9 CCEA FEA Extension For Operations Management And Architecture Integration (FYO5 Plan) EA as Whole-Enterprise System Analysis, Requirement Analysis, and Operational ModelThis diagram illustrates those things within enterprise-management-focused EA and IT environments that require configuration and change management. By governing the items going from left to right and top to bottom, the enterprise is able to dramatically reduce uncontrolled “requirements churn” at the IT implementation and operation levels.Balanced Scorecard efforts such as the President’s Management Agenda can be managed using the two Function and Mission taxonomies represented as diagonal structures on the left side, plus the minimized taxonomies for Location, Organization, and Organization Units. They deal with what, who, where, and why. The how aspect of strategic management is in the four rightmost taxonomies of process, resource (data), resource (technology), and implementations.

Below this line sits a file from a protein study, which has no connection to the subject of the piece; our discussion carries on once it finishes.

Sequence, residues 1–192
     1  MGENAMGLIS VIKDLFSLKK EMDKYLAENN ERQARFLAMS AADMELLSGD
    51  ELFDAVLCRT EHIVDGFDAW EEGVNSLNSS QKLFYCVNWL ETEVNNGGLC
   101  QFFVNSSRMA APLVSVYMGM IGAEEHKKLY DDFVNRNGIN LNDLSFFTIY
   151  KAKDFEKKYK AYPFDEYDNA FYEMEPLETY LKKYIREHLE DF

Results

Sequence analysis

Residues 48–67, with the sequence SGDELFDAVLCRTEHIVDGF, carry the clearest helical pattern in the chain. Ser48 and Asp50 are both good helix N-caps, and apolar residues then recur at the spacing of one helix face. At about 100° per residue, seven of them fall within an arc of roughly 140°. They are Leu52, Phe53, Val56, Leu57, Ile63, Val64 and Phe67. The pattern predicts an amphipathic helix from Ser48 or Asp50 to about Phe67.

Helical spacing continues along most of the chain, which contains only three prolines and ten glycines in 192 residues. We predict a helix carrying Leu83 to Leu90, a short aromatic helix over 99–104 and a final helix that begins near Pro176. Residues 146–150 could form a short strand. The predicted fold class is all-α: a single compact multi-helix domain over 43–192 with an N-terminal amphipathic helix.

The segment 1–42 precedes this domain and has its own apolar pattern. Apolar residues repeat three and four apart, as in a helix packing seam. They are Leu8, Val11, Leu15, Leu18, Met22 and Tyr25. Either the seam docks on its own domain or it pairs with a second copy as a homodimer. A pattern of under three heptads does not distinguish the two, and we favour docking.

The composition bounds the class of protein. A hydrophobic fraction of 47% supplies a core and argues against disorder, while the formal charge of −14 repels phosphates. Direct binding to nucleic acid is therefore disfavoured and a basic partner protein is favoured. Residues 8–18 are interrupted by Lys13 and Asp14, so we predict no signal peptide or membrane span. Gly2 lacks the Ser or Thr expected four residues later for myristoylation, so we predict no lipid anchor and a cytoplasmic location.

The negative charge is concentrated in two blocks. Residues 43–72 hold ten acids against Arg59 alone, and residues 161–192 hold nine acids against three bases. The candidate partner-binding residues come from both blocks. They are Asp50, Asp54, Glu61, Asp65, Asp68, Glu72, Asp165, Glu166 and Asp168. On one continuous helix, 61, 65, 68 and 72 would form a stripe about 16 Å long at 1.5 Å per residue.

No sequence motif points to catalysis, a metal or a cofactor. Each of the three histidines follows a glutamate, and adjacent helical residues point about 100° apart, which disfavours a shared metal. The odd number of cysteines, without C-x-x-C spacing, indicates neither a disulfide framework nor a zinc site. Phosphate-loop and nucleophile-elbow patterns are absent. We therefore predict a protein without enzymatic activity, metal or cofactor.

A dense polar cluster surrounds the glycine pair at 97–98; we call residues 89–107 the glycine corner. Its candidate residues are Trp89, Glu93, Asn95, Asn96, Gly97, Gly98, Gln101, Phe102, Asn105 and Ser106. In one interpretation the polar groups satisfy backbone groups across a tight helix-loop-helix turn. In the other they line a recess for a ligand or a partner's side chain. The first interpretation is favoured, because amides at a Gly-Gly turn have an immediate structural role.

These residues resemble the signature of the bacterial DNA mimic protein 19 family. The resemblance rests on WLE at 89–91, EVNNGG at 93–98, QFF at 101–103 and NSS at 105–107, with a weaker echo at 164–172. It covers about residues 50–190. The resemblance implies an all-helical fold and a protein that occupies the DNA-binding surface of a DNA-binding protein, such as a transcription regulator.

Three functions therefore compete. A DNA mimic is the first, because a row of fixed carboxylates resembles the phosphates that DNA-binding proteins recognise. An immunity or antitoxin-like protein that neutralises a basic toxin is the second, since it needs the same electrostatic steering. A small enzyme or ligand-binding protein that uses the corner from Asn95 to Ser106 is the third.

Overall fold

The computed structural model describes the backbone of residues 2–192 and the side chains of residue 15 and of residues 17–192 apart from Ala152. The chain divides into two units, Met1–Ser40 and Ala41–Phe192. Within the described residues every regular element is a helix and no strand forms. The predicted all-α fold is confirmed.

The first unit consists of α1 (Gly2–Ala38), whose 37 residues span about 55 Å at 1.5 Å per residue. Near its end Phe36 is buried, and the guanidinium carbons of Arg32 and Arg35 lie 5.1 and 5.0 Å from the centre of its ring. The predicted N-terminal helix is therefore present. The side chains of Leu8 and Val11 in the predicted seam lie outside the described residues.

10 CC EA Framework Model Leverage BRM Leverage PRM Leverage SRM Leverage Stage 1 of EA Process - Example Deliverables (Reference Catalogs 1 through 4 and their “primitive” associations)-- Enterprise Model (ISO 14258)-- Mission Management/Balanced Scorecard-- Enterprise Architecture (EA) Business Reference Model (BRM)-- Security Architecture (Functional Role-Based Access Control (RBAC) as foundation for Authentication and Authorization, i.e., for Single Sign-On (SSO) to Resources-- Government Performance and Results Act (GPRA) Support-- Organization, Missions, Functions, and Policy Directory-- Function Distribution/Location (Job/Office/Manager/Location)Stage 2 of EA Process - Example Deliverables (Reference Catalogs 1-5 and their associations)-- Reference Architecture (ISO 15704) of Policies, Processes, Procedures, Templates, Web Services, Standards, Tools, Data, Metadata, Schema, Metaschema, Models, and Metamodels for EA, CMM, CMMI, ISO 9000, IDEF, UML, XMI, CWM, ORM, OWL, MPEG/RL, etc.)-- Security Architecture (Refined Process RBAC, Data Classification, Access Rules and Methods, Digital and Physical Rights Management)-- EA Data/Information Reference Model (DRM) and Application/Service-Component Reference Model (SRM)-- Stakeholder Responsibility and Authority (Coordination/Collaboration Links)-- Activity Distribution/Location (Function/Billet/Office/Manager/Location)Stage 3 of EA Process - Example Deliverables (Reference Catalogs 1 through parts of 6 and their associations)-- EA SRM Refinement-- EA Technical Reference Model (TRM)-- Integrated MIS, Workflow, Business Rule, Data, Value-Chain, EDI, and Web Services Model-- Supplier/Customer Value Chain from Raw Material to Final Disposal (Product Flow, To Customers and From Suppliers)-- Security Architecture (Access Mechanisms and Provisioning, including Single Sign-On (SSO), based on User Identity and Role (RBAC)-- Duty Assignment and Training Requirements (Position/Person Knowledge, Skills, and Abilities Correlation)Stage 4 of EA Process - Example Deliverables (Reference Catalogs 1 through parts of 7 and their associations)-- Enterprise Program and Project Resource Requirements Life Cycle Management (Plan, Program, Budget, Execute, Assess, Review)-- Financial Analysis (Investment Portfolio Management (Clinger-Cohen Act (CCA) Compliance, Activity Based Costing, Functional Economic Analysis, Business Case, ROI)-- EA Performance Reference Model (PRM)-- Security Architecture (Resource Accountability)-- Transactional Context for Billing (Fee for Service)-- Performance Results, Review, and AssessmentStage 5 of EA Process - Example Deliverables (All Reference Catalogs and their associations, as enterprise knowledge-base)-- Enterprise Integrated Operations ManagementStage 6 of EA Process - Example Deliverables (All Reference Catalogs and their associations, as enterprise operational-intelligence source supported by software agents providing dynamic situational awareness for all enterprise personnel and groups.)-- Enterprise Dynamic Intelligence and Operations ManagementLeverageBRMLeveragePRMLeverageSRMLeverageDRM/TRM